A conventional typical type of oil separator comprises guide plates mounted on the pump housing for guiding toward the discharge pressure chamber a compressed medium pumped out through pump outlets formed in the cam ring, and a gauze member disposed in the discharge pressure chamber, whereby the compressed medium is decelerated and turned in passing the gauze member to have removed oil dispersed therein. However, such conventional type oil separator does not effectively separate oil from the gaseous medium, particularly when used in an apparatus having a high rotational speed and accordingly a high oil consumption such as a vane compressor.
BRIEF SUMMARY OF THE INVENTION
It is therefore a primary object of the invention to provide a vane compressor which has multiple oil separating regions, thereby having a very high rate of oil separation.
It is another object of the invention to provide a vane compressor in which oil separated from gaseous medium is guided to an oil reservoir formed at the bottom of the discharge pressure chamber, with certainty.
Further objects, features and advantages of the present invention will be made apparent from the ensuing description taken in connection with the accompanying drawings.
BRIEF DESCRIPTION OF THE DRAWINGS
FIG. 1 is an axial sectional view of a vane compressor according to an embodiment of the present invention;
FIG. 2 is a sectional view taken along line II--II of FIG. 1 in which the oil separating element is omitted;
FIG. 3 is a perspective view of the upper and lower plates and the oil separating element used in the embodiment illustrated in FIGS. 1 and 2;
FIG. 4 is a perspective view of the guide element used in the embodiment of FIGS. 1 and 2;
FIG. 5 is a perspective view of a modified form of the plate; and
FIG. 6 is a perspective view of a modified form of the guide element.
An embodiment of the invention will now be described with reference to the accompanying drawings.
FIGS. 1 through 4 illustrate a vane compressor according to the invention. A cylindrical cover 1a is secured to a front head 1b to form a casing 1 as a whole. The casing 1, which is horizontally disposed, accomodates a cam ring 2 having an interior thereof formed as an endless cam surface 2a of ellipsoid section. A pair of side wall members 3, 4 are secured to the opposite sides of the cam ring 2 to cooperate with the cam ring 2 to form a pump housing. A discharge pressure chamber 5 is formed between the side wall 4 and the cover 1a. A rotor 7 is disposed within a chamber 6 defined in the pump housing by the inner walls of the cam ring 2 and the side walls 3, 4. The rotor 7 is fitted on and secured to a rotary shaft 8 penetrating the front head 1b and the front side wall 3 and is kept in sliding contact with the side walls 3, 4 via respective thrust bearings 9, 10.
The rotor 7 has its peripheral lateral surface formed with a plurality of axial slits 11 radially opening and circumferentially spaced from each other at equal intervals (Only one of them is illustrated). Vanes 12 as many as slits 11 are radially movably inserted in these slits 11 (Only one of them is illustrated).
The peripheral wall of the cam ring 2 is formed with pump inlets (not illustrated) and pump outlets 13 which communicate with a compressor inlet 14 and with a compressor outlet 15 via the discharge pressure chamber 5, respectively.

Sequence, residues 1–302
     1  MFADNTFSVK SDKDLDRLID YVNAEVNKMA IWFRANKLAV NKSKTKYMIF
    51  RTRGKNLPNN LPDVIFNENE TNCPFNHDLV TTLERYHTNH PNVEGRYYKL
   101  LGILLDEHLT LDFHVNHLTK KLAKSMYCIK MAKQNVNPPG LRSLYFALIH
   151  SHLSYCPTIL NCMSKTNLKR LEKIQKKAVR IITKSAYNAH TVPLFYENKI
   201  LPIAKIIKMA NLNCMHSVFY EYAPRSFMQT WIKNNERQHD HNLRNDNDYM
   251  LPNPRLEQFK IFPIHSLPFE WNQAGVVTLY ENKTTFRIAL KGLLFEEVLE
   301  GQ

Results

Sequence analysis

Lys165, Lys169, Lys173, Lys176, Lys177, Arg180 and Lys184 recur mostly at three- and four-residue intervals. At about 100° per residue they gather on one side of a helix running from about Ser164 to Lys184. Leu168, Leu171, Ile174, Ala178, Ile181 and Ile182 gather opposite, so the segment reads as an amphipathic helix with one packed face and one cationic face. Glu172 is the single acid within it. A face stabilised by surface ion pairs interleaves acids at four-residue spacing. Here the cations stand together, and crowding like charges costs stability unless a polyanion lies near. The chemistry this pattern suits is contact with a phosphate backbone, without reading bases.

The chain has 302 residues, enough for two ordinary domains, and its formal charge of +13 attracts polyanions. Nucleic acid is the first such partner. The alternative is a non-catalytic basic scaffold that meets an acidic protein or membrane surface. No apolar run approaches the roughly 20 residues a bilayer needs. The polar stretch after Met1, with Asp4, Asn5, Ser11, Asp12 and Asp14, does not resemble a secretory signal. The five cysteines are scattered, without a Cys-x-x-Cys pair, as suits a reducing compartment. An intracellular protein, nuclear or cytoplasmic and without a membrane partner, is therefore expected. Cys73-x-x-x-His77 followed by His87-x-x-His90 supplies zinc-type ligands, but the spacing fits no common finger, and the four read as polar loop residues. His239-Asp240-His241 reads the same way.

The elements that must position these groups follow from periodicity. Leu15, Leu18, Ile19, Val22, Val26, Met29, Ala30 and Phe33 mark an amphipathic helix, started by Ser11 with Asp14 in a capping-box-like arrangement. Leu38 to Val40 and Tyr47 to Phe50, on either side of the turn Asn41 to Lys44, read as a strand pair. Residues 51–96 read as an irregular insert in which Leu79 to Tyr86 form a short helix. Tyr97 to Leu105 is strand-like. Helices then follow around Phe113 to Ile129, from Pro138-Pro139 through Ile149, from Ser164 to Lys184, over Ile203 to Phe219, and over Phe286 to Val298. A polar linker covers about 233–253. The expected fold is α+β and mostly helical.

Under said arrangement, when the rotary shaft 8, which is connected to the drive shaft of a prime mover, not illustrated, is rotated and accordingly the rotor 7 is also rotated, the vanes 12 carried by the rotor 7 are radially outwardly moved due to a centrifugal force produced by the rotation of the rotor 7 to urgedly slide on the inner perpheral cam surface of the cam ring 2.
Each time one of the vanes 12 passes each of the pump inlets (not illustrated) formed in the cam ring 2, a pumping chamber 6 is formed between said vane, the next or immediately following vane, the cam ring and the rotor, into which fluid is aspirated. Said chamber 13 has its volume increased from its smallest value to its largest value during its suction stroke to aspirate fluid, whereas it has its volume decreased from its largest value to its smallest value during its delivery stroke so that the fluid in the chamber 6 is pressurized to be discharged into the discharge pressure chamber 5 through a pump outlet 13. Such cyclic action is repeated, thus carrying out a pumping action.
The gaseous medium introduced into the discharge PG,6 pressure chamber 5 is temporarily stored there and then is discharged through the compressor outlet 15 after having oil contained therein removed by an oil separator as hereinbelow described.
The oil separator comprises a pair of upper and lower plates 16, 17, an oil separating element 18 and a guide element 20.
The upper and lower plates 16, 17, which are of substantially the same configuration, comprises substantially horizontal holding portions 16a, 17a and each one pair of flange-like fitting portions 16b, 17b, each pair of which extend integrally from a side edge of the holding portion at right angles thereto. The horizontal holding portions 16a, 17a, which correspond in shape and size to a horizontal section of the discharge pressure chamber 5, have substantially entire surfaces thereof formed with a number of through bores 16c, 17c, while the fitting flanges 16b, 17b each have one fitting hole 16d, 17d. The plates 16, 17 are mounted on the side wall 4 in relation vertically spaced from each other, with the holes 16d, 17d penetrated by fastening bolts 19 which secure the side wall 4 to the cam ring 2. The upper plate 16 and the lower plate 17 are located above and below the pump outlets 13, respectively.
Although the plates 16, 17 are formed with fluid-traversable measures consisting of through bores 16c, 17c, the invention is not limited by such bores, but the plates may alternatively be formed with another type of fluid-traversable measures such as notches 16'e, 17'e formed in lateral edges thereof on the side of the side wall 4 as illustrated in FIG. 5.
The oil separating element 18 is interposed between the plates 16, 17 in a manner held between the horizontal portions 16a, 17a. The oil separating element 18 has a horizontal section substantially corresponding in shape and size to horizontal sections of the horizontal portions 16a, 17a of the plates 16, 17.